Mesothelioma tumors with a low mutational burden cause low counts of tumor-associated antigens, which makes it difficult for dendritic cells to recognize tumors and activate T cells. Because of this, mesothelioma tumors often have an immunosuppressive environment due to the high volume of immunosuppressive cells and low volume of tumor-associated antigens.
Dendritic cell therapy focuses on the maturation of dendritic cells to make more effective dendritic cells and a larger population. This helps the dendritic cell army identify cancer cells as dangerous and begin the T-cell activation process.
Top Mesothelioma Immunotherapy Drugs
The top immunotherapy drugs for mesothelioma are checkpoint inhibitors. Other immunotherapy drugs include oncolytic viruses and adoptive cell therapies and monoclonal antibodies.
The top immunotherapy drugs for mesothelioma are:
- Nivolumab (Opdivo), a PD-1/PD-L1 checkpoint inhibitor (FDA-approved)
- Ipilimumab (Yervoy), a CTLA-4/B7 checkpoint inhibitor (FDA-approved)
- Pembrolizumab (Keytruda), a PD-1/PD-L1 checkpoint inhibitor (limited FDA approval)
- ONCOS-102, an oncolytic virus (close to FDA approval)
- Ramucirumab, monoclonal antibody
- IcasM28z, an adoptive CAR T-cell therapy
- LMB-100, a monoclonal antibody
- Durvalumab (Imfinzi), a PD-1/PD-L1 checkpoint inhibitor
- Anetumab ravtansine, a monoclonal antibody
- Galinpepimut-S, a cancer vaccine
- Atezolizumab (Tecentriq), a PD-1/PD-L1 checkpoint inhibitor
- Bevacizumab (Avastin), an anti-VEGF treatment
Each is either FDA-approved or part of mesothelioma clinical trials.
Personalized Treatment for Mesothelioma: Potential with Immunotherapy
The holy grail of medicine is personalized treatment for each patient. This idea offers the best chance for long-term survival for everyone, since each person isn’t getting the same treatment.
Every person is different. No one is the exact same, due to each person’s unique genetic makeup. For this reason, no two people’s cancers are the exact same either. Even mesothelioma differs slightly from person to person, which is why a personalized approach can help treat the cancer.
Immunotherapy offers a chance to create personalized mesothelioma treatment.
Dr. Ezra Cohen, of the University of California San Diego Medical Center, is the lead investigator in the Phase 1B trial. The study is titled “Personalized Immunotherapy in Adults With Advanced Cancers” and aims to treat each cancer patient’s disease in a specialized way.
Dr. Cohen joined the podcast to explain how he and other scientists are creating a unique vaccine for “literally one person in the entire world.” Then they create one for another patient, and so on. The trial also involves pembrolizumab, which is the organic name for the immunotherapy drug Keytruda. The trial does not focus solely on mesothelioma cancer, but that doesn’t matter.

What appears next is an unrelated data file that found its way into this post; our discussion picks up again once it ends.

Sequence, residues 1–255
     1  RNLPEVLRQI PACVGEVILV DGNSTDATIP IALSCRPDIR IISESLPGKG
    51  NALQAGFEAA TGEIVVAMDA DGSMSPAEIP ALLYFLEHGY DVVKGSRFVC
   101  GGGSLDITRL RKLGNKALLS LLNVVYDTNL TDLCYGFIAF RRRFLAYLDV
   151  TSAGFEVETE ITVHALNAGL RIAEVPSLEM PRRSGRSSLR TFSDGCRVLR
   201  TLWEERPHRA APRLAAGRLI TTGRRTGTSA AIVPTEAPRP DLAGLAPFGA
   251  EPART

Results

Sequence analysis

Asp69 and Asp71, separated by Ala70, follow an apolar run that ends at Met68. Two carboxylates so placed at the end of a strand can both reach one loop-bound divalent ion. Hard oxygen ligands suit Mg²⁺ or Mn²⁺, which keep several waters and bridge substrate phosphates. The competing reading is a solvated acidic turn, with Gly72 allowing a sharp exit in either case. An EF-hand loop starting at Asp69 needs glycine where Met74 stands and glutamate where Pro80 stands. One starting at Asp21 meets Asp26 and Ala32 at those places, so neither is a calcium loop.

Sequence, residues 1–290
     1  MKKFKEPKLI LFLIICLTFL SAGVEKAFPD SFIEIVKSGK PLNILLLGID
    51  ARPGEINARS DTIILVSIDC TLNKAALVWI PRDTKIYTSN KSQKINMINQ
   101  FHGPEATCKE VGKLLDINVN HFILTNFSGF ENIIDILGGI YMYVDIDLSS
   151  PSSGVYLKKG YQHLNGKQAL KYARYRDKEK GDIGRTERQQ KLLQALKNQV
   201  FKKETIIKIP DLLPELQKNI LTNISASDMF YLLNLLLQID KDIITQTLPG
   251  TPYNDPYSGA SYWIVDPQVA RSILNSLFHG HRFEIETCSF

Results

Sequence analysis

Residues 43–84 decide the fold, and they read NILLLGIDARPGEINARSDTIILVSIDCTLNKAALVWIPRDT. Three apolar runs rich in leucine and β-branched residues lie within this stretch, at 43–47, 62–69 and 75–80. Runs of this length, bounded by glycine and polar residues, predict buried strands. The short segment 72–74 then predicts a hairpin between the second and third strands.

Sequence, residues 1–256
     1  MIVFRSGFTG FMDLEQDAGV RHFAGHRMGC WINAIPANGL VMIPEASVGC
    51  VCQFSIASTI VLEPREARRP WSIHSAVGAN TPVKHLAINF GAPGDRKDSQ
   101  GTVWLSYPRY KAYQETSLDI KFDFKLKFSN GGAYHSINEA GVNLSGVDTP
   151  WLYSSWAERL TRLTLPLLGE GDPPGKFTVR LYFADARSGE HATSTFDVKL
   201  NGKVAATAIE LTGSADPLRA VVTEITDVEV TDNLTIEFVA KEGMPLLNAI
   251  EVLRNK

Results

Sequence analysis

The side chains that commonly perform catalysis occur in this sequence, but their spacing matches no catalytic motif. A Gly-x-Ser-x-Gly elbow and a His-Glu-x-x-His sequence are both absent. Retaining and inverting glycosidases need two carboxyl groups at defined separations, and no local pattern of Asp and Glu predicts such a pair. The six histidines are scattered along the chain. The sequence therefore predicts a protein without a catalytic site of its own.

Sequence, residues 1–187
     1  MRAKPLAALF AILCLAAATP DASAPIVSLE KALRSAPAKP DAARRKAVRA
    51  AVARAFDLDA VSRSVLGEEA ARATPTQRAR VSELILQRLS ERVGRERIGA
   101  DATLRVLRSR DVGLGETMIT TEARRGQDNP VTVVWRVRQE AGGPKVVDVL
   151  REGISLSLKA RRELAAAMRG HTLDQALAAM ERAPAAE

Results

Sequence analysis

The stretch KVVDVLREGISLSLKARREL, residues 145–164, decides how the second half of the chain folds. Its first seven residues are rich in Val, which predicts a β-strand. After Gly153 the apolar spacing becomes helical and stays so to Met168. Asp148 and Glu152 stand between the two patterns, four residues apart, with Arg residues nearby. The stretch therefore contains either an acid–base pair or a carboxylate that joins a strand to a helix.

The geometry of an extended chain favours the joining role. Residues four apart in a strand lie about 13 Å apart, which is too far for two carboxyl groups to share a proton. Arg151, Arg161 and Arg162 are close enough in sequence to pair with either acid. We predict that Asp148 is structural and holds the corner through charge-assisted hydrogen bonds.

Dr. Cohen said the study isn’t testing a drug so much as “a methodology” of personalizing treatment for each individual case.
“It’s identifying the neoantigens and creating the vaccine,” he said. “That methodology is identical in every patient we treat. … The end products, the actual sequences going into the vaccine, are individualized and only go into one person on earth. But the process is the same, and the process is what the FDA is looking at.”
Survival Rates for Mesothelioma Immunotherapy
FDA-approved mesothelioma immunotherapy options range in median survival from 18-20 months. Survival variables include the type of immunotherapy, the patient’s cell type and stage, and whether the drug is paired with other treatment options.
Physician’s Weekly published a study comparing different types of mesothelioma treatment. The main data point was how immunotherapy outperformed chemotherapy. The two types of treatment were often combined with surgery, which immunotherapy also shined:
- 18.2 months for patients having immunotherapy
- 11.7 months for patients having chemotherapy
- 22.6 months for patients having surgery with immunotherapy
- 20.7 months for patients having surgery with chemotherapy
The median survival for patients having immunotherapy was nearly 20 months — including surgery cases and non-surgery cases. The average survival for patients not getting immunotherapy — relying mostly on chemotherapy — was 12.3 months.
The immunotherapy group had a 1-year survival rate of 76%. The chemotherapy group had a 1-year survival rate below 15%.